For consumers, greenwashing is all around us, and although we might not always notice it, this harmful process is more common than we might think. In a nutshell, greenwashing occurs when companies provide false environmental information about a product, misleading its customers into thinking they are making an environmentally friendly purchase, when in reality, they aren’t. Such false advertising is meant to subtly deceive consumers into believing products are ethical and sustainable, although these claims are often unsubstantiated, and sometimes outright false.
After noticing the growing consumer demand for environmentally friendly products, many companies began to capitalize on the public interest in “green” goods, and it turns out this decision was a quite profitable one. One report from Nielsen Global Corporate Sustainability found that 66% of global consumers are willing to spend more on sustainable brands. It’s true: not only do consumers value sustainability, but we’re willing to spend the extra dollar or two to achieve it, more often than not. Taking advantage of shoppers’ goodwill, plenty of companies have greenwashed their products, and suffice to say, marketing experts are only getting better at it. Labels are becoming more convincing and more ambiguous, making it easier and easier to be bamboozled.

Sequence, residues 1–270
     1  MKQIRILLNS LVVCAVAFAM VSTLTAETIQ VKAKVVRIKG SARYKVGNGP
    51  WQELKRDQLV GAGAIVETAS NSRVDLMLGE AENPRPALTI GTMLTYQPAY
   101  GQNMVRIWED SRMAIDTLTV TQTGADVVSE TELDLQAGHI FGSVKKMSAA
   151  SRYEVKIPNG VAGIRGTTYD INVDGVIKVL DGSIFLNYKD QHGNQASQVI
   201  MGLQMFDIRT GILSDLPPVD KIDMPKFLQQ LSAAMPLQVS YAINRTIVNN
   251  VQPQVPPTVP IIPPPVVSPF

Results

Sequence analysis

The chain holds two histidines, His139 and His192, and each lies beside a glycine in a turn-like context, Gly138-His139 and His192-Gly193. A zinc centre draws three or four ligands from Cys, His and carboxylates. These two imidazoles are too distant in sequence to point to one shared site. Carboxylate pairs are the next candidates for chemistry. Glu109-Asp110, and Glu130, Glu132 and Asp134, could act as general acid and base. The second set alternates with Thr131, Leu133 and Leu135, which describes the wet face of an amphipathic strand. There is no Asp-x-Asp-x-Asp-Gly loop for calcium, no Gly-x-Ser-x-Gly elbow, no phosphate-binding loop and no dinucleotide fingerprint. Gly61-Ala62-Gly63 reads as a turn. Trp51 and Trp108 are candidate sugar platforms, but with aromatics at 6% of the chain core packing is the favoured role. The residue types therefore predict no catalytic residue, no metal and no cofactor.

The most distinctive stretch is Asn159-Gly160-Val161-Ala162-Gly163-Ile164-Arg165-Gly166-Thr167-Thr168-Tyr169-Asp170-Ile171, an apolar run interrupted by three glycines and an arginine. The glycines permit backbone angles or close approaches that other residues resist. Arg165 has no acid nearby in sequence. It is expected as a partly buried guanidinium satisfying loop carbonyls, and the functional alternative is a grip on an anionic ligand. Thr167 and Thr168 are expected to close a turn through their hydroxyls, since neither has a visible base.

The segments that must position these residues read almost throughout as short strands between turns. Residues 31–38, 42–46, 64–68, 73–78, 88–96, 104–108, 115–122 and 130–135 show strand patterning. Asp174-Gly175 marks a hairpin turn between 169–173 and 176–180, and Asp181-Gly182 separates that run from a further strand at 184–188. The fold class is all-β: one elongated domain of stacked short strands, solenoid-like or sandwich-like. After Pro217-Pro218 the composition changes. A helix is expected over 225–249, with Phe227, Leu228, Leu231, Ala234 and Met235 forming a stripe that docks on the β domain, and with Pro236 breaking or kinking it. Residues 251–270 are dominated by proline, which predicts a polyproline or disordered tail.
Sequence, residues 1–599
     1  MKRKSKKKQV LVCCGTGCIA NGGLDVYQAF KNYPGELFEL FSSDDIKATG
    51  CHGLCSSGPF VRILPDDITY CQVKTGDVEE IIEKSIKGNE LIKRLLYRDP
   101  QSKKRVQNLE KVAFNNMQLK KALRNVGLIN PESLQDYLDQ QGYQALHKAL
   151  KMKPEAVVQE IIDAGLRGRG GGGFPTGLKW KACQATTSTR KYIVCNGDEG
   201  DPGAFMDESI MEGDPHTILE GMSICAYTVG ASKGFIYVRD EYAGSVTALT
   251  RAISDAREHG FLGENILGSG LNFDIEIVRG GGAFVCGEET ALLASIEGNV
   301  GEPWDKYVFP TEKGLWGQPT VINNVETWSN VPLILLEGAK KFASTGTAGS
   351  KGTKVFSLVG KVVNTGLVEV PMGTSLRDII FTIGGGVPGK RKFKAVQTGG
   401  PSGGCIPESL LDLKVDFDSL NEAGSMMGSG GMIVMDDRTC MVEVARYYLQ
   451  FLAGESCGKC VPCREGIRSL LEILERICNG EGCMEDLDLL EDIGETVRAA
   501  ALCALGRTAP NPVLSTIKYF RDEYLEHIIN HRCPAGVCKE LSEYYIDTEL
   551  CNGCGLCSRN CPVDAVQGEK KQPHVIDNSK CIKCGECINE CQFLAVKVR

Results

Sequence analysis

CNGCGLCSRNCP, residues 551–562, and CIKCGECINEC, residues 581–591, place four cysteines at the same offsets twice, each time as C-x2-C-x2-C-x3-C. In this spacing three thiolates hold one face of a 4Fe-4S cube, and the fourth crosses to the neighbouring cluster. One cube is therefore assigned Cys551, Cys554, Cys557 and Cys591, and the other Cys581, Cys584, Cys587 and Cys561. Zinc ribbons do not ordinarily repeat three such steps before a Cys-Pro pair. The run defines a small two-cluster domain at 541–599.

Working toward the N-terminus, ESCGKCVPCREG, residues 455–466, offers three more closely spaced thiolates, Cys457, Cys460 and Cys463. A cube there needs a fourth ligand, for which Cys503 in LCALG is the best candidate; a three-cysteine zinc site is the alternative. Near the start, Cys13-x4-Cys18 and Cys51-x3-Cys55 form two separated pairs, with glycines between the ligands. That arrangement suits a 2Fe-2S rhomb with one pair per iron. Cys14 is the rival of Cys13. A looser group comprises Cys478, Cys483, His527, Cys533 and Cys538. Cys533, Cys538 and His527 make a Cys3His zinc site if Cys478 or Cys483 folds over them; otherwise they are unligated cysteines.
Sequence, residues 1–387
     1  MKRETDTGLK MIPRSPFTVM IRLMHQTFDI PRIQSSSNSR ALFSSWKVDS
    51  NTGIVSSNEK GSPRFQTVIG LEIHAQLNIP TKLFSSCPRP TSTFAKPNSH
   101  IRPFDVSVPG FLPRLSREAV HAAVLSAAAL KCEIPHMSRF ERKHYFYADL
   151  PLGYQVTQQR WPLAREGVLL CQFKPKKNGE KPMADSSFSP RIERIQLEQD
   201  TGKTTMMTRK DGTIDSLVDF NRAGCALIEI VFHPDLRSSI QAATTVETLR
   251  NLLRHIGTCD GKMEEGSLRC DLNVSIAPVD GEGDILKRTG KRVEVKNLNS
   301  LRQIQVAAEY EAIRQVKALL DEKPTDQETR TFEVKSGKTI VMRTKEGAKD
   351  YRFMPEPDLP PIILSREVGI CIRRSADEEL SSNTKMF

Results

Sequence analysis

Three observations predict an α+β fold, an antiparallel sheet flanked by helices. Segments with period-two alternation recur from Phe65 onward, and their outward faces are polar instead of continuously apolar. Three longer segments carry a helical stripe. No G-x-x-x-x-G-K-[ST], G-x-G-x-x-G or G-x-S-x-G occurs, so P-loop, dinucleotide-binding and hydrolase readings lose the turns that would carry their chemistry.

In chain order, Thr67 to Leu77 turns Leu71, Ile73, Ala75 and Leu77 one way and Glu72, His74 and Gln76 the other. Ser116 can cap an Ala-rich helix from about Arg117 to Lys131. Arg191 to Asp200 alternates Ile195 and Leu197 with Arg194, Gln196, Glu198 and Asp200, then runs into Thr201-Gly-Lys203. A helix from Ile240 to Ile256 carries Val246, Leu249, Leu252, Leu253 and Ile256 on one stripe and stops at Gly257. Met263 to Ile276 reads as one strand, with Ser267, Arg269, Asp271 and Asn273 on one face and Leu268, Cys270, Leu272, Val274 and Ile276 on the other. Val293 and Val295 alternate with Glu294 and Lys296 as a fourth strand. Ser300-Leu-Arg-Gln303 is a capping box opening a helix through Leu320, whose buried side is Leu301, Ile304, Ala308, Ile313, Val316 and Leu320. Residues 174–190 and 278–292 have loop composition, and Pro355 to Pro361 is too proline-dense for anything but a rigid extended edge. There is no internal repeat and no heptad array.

Think about it. Ever reached for 100% natural juice because it seems healthier? You might be surprised to find out that even these so-called 100% natural juices are not so natural. In order to store juice for long periods of time, oxygen is removed from the juice. It may seem harmless, but according to Karen Mathis from the Florida Department of Citrus:
“During processing, natural components such as orange aroma, orange oil from the peel, and pulp may be separated from the orange juice. After the juice is pasteurized, these natural orange components may be added back to the orange juice for optimal flavor.”
It’s not just juice either. Nestle, one of the world’s largest food and beverage companies, was accused of greenwashing in 2019 in a class action lawsuit. Calling its cocoa beans “sustainably sourced,” Nestle has since been called out for helping drive massive deforestation in West Africa. Further, plaintiffs claim the cocoa comes from farms that use child and slave labor and that there are almost “no environmental standards in place.” Nestle published this vague statement in response, making loose promises though conceding with the fact that “it is difficult to remove the risk” from production. Sounds sustainable, right?
To avoid being misled by marketing tactics like these, we’ve put together some of the most effective techniques for outsmarting advertising schemes and avoiding greenwashing once and for all:
Beware of Buzzwords!